Not your average musical: Lovers and Madmen's Jasper in Deadland takes a punk rock twist on a classic myth
    Courtesy of Lovers and Madmen

    It’s safe to say that most musicals that go up at Northwestern don’t use Twisted Sister and Green Day as inspiration - but most musicals aren’t Jasper in Deadland.

    The punk rock show follows Jasper as he navigates the underworld – Deadland – in an attempt to bring his best friend Agnes back to the world of the living after she drowns. It’s a modern retelling of the myth of Orpheus and Eurydice – emphasis on modern.

    “What I love most about the show is just the fun-loving nature of the production and its ability to make something old contemporary,” said Communication freshman Alexa Moster, who plays Agnes in the show. “It's a story a lot of people are familiar with, others might not be as familiar with.”

    Not only is Jasper new, it’s also big – the production level is “gigantic” with an impressive 40 or so crew members, as well as an elaborate set, score and stunt work.

    “We have a cast of 13 that are always switching roles and always on stage, moving and telling the story,” said Communication junior Joshua Krivan, who plays Jasper in the show. “And it's a massive show set-wise, both on the horizontal and vertical planes. It's got stunt work. The score, musically speaking, is very demanding.”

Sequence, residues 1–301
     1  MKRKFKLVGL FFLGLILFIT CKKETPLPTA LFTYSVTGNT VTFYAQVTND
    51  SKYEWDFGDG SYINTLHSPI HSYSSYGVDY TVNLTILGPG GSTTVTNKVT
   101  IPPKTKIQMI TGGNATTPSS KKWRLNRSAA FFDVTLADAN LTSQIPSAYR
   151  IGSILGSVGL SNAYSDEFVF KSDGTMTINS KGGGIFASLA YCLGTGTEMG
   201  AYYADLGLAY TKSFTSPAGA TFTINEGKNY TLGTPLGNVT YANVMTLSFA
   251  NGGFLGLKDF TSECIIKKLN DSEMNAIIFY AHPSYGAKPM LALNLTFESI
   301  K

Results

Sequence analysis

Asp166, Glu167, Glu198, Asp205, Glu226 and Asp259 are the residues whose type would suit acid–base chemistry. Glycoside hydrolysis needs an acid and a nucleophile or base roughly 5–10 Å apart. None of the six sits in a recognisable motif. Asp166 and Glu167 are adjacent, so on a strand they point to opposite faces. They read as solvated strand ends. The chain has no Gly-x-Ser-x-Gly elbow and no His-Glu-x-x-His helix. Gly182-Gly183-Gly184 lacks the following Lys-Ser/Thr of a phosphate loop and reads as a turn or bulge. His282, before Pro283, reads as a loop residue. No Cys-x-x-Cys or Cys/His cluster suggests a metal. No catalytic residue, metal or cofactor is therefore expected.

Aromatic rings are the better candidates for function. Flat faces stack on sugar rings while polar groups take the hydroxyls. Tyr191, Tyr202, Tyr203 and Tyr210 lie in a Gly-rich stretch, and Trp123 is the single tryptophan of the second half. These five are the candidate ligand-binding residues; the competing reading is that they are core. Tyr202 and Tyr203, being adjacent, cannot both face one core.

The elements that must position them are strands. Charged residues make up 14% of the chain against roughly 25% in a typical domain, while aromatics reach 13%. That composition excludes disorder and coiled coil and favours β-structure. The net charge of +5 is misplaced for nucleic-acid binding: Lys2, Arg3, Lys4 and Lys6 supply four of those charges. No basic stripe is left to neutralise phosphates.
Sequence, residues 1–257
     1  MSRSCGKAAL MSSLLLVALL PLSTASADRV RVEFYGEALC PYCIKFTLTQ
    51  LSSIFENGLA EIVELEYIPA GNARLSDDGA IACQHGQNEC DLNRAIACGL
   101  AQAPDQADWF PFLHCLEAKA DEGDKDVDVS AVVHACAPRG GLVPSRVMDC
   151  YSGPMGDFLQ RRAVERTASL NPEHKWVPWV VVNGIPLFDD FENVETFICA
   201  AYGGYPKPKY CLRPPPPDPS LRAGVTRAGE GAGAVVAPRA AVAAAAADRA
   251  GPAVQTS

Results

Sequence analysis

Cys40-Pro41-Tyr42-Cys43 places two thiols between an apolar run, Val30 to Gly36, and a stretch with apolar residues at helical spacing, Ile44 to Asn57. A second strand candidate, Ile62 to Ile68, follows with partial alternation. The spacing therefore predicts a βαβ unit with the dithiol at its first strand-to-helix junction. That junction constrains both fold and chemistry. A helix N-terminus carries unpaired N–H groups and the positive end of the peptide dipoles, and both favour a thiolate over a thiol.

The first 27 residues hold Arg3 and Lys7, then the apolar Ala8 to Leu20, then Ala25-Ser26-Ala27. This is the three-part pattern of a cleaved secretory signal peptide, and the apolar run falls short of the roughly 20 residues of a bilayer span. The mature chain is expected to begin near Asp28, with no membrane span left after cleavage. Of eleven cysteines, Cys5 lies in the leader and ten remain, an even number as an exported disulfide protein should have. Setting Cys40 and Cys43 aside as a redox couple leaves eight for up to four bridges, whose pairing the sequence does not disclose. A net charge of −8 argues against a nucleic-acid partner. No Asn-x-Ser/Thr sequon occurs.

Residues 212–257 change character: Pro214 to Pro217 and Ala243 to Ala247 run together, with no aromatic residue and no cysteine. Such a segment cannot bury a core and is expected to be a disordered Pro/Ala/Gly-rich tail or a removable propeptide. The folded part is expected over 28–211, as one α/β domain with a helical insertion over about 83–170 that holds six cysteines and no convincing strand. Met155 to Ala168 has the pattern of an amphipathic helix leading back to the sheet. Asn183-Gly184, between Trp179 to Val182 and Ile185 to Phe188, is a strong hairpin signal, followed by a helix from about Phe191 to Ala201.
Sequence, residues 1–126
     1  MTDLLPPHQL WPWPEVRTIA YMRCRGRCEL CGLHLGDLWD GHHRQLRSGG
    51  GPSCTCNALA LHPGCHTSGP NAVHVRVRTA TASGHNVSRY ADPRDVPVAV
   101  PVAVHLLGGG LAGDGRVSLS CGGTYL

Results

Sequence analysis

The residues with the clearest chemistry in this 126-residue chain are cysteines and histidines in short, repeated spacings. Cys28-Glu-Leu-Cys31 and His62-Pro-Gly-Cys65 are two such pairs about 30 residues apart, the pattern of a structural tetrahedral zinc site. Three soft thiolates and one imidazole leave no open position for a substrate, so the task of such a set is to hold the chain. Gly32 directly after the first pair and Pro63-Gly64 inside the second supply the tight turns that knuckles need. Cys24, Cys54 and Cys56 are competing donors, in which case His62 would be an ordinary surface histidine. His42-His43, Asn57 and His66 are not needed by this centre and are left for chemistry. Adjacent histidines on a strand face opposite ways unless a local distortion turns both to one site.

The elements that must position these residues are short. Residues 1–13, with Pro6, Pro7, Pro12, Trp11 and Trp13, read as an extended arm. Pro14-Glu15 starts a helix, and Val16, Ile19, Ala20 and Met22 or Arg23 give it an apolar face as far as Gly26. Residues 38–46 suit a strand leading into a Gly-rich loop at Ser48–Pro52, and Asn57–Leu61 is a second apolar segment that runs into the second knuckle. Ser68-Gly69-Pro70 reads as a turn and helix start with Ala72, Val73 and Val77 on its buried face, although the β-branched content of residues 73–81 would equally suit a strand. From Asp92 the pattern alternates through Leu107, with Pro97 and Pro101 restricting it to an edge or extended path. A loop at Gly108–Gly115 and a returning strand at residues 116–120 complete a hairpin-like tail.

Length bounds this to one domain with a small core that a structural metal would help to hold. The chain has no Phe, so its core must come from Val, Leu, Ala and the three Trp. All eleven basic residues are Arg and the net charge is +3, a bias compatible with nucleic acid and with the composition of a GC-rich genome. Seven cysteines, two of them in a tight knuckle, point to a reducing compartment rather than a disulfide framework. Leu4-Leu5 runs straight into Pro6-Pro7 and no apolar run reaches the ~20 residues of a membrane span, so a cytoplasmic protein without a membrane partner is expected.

It’s also edgier than the typical style of Northwestern musicals. (Looking at you, Ragtime.)

    “I think we chose this show in large part, because Week 8 of Winter Quarter is kind of a time when people are wearing down a little bit,” Krivan said. “They need kind of a pep in their step. And Jasper, above all, is just so much fun, and it's in your face, it boosts your energy.”

    Choreographer Tucker DeGregory said that he has been choreographing since middle school, and that it’s been fun for him to be able to use his background in hip-hop influence the direction he takes on Jasper. Above all, he wants the audience to be engaged.

    “[DeGregory] wants to inspire kinesthetic empathy, and that the audience will actually want to get up and dance with the cast,” Krivan said. “That probably won't happen because the conventions of theater, but I think that feeling embodies what we're going for as a whole.”

    It makes sense, then, that the one word he would use to describe the show is “ambitious.” Moster, too, admires all the hard work the cast and crew has put in to make the production what it is.

    “This is actually the first completely student-directed, student-produced, student-choreographed production that I've ever been a part of,” she said. “I think that it's really an insight into the intersection of the creative and the intelligent nature of Northwestern students.”

    Jasper in Deadland will run Fri., March 2 at 7 p.m. and 10 p.m. and Sat., March 3 at 2 p.m. and 7 p.m. in McCormick Auditorium. Tickets will be available at the door, and will be $5 for students and $10 for adults.


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